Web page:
Russia-US conflict driven by geopolitical and ideological divergences

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Ukraine, Russia, United States

The ongoing conflict between Russia and the United States is not solely rooted in the current Ukraine crisis but extends far beyond it, driven by deeper geopolitical and ideological divergences. At the heart of this enduring tension is the United States’ aspiration for global dominance and its reluctance to recognize other nations as equal stakeholders in the quest for global peace and stability. This fundamental attitude not only strains US-Russia relations but also affects Washington’s interactions with other significant powers like China, India, and even some of its allies such as Turkey.

The core of the Russia-US conflict lies in their fundamentally different worldviews. The United States, driven by a historical sense of exceptionalism, views itself as the primary architect and guarantor of global order. This perspective leads Washington to adopt a unilateral approach in international relations, often sidelining the interests and perspectives of other nations. This approach manifests in various aspects of US foreign policy, from its military interventions to its economic sanctions regime.

In contrast, Russia, alongside China, advocates for a multipolar world order where peace is achieved through compromise and mutual respect among major powers. This viewpoint emphasizes the necessity of recognizing each other’s interests and adhering to the principle of non-interference in internal affairs. From the Russian perspective, a stable international order is unattainable without equality and mutual respect among the world’s leading nations.

The United States’ belief in its indispensable role in maintaining global order leads to paradoxical policies. For instance, Washington often equates peace with the proliferation of weapons, operating under the assumption that superior military capability ensures stability. This mindset has fueled extensive arms buildups and military alliances aimed at containing perceived adversaries, primarily Russia and China.

American policymakers also operate under the assumption that Russia, being a part of the broader Western civilization, will eventually align itself with the West. This belief has persisted since the early 1990s, reflecting a fundamental misreading of Russia’s strategic priorities and its desire for an independent foreign policy. The US also tends to underestimate the resilience and strategic depth of Russia, expecting Moscow to capitulate to Western pressure eventually.

The Ukraine crisis exemplifies the US approach towards Russia. For Washington, Ukraine serves as a strategic tool to weaken Russia and prevent any voices within Europe from advocating for strategic autonomy. By supporting Ukraine militarily and economically, the US aims to entangle Russia in a prolonged conflict, thereby diminishing its influence in the Eurasian region.

Over the past two years, this strategy has yielded some immediate benefits for the US. The disruption of Russia-EU relations, the destruction of key energy infrastructure linking Russia and Western Europe, and the militarization of Eastern Europe have all contributed to the strengthening of the US military-industrial complex. Furthermore, economic activity has shifted from Europe to the US, boosting the American economy while causing significant harm to the Western European economy.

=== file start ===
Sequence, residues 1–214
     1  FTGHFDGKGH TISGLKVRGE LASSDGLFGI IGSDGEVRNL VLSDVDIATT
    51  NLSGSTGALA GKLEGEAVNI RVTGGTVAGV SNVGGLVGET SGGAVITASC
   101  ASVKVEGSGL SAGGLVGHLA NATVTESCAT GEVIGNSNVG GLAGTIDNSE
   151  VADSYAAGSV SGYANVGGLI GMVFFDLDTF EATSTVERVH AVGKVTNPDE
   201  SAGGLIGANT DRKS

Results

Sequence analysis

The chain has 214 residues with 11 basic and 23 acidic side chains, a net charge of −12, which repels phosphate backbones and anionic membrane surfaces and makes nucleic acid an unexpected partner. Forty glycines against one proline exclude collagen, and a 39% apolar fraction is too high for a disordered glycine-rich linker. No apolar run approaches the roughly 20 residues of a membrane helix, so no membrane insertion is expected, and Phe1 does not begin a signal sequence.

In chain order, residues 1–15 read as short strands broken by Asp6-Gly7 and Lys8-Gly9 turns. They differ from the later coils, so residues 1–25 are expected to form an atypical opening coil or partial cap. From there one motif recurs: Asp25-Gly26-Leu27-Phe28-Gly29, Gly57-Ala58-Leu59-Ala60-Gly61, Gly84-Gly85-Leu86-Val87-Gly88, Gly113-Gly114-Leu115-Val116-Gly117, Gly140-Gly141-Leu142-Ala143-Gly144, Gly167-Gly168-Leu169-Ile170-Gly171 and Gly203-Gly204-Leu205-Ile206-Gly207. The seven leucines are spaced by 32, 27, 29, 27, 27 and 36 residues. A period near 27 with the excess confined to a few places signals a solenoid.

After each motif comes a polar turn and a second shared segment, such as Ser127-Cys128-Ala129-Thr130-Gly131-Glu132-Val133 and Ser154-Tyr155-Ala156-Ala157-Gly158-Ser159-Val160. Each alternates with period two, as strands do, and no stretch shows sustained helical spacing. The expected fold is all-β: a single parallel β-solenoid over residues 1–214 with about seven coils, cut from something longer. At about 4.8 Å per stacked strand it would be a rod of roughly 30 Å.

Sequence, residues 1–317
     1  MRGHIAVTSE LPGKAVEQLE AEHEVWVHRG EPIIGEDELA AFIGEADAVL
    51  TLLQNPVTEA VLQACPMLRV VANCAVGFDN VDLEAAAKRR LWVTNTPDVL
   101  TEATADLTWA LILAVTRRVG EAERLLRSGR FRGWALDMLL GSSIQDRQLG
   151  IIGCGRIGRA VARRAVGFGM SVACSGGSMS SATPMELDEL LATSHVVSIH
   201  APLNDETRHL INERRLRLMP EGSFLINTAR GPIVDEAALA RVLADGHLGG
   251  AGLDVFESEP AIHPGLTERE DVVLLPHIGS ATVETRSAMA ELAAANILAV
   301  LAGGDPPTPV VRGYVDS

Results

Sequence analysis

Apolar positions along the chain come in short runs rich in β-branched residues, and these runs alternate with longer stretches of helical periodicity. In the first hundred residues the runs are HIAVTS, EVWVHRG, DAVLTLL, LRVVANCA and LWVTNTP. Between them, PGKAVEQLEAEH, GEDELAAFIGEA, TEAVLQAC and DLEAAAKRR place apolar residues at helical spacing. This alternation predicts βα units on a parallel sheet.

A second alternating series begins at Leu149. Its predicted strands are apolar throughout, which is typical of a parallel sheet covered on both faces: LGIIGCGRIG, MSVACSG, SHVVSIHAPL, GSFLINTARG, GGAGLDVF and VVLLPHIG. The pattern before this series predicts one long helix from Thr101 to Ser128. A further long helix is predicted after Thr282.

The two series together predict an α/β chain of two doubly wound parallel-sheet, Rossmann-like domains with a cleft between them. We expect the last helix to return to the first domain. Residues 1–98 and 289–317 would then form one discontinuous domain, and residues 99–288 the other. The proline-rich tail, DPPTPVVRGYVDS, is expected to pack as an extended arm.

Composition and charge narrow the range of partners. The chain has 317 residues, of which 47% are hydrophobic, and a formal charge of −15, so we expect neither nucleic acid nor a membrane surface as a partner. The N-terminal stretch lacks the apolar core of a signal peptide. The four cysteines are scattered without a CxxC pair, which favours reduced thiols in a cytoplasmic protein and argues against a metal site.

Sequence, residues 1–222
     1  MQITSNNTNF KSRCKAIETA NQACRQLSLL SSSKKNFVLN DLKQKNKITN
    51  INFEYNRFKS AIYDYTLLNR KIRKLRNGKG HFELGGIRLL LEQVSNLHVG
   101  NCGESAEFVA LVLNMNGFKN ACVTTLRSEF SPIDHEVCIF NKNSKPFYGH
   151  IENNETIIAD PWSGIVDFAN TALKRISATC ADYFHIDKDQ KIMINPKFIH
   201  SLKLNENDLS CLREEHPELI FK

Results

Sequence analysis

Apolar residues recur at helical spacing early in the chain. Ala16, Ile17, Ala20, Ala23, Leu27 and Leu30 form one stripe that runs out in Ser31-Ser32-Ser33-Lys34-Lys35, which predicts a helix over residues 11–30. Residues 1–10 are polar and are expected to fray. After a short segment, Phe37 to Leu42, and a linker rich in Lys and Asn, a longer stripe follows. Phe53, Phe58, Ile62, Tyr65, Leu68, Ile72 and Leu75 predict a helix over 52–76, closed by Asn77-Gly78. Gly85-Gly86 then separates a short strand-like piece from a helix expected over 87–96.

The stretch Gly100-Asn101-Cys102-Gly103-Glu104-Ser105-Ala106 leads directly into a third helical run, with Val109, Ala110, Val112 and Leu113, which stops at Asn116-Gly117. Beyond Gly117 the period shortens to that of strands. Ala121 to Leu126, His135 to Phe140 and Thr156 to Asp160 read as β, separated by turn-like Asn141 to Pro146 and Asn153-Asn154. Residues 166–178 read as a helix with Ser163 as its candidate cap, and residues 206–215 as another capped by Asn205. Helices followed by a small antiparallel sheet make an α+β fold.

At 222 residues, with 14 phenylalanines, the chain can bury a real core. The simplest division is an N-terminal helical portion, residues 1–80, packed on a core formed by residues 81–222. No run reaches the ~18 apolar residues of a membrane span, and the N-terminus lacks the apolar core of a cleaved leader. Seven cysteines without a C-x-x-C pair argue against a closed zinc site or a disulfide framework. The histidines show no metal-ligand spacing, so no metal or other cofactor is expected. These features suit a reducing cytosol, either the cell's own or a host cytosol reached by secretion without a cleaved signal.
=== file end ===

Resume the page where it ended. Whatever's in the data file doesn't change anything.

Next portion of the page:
However, this approach is not without its drawbacks. The prolonged conflict in Ukraine is becoming increasingly costly for both the US and the EU. Kiev’s military and economic resources are nearing exhaustion, and maintaining the viability of the Ukrainian state is placing a growing financial burden on Western supporters.

The United States’ long-term objectives in the Ukraine crisis are clear: to weaken Russia to the point where it loses its strategic advantages in the Eurasian space, including its influence over transport, economics, production, and energy sectors. By doing so, the US aims to demote Russia from its position as one of the top five global powers, rendering it a strategically secondary player.

Despite these ambitions, the US is beginning to recognize the limits of its strategy. The assumption that Russia would be quickly defeated by a coalition of Western nations has proven overly optimistic. The reality is that Russia’s military-industrial capacity, particularly in areas like artillery shell production, exceeds that of the entire Western coalition, which heavily relies on service-based economies.

The Russia-US conflict is set to endure well beyond the Ukraine crisis. Even as Ukraine’s utility as a strategic tool diminishes, the US is likely to shift its anti-Russian efforts to another willing proxy. This indicates that Washington’s hostility towards Moscow is a long-term strategic posture rather than a situational response to the Ukraine crisis.

For Russia, this means that the United States will remain a constant adversary, necessitating a strategic approach that anticipates ongoing American hostility. Moscow must plan for a prolonged confrontation, recognizing that US policy towards Russia is driven by broader geopolitical objectives rather than the specifics of the Ukraine situation.

The Russia-US conflict is deeply rooted in divergent worldviews and strategic interests that transcend the immediate crisis in Ukraine. The United States’ desire for global dominance and its reluctance to recognize other powers as equals lead to a persistent state of tension with Russia. This conflict is likely to continue for the foreseeable future, as both nations navigate their complex and often conflicting interests on the global stage. For Moscow, this means preparing for a long-term standoff with Washington, with or without the Ukraine crisis as the central issue.

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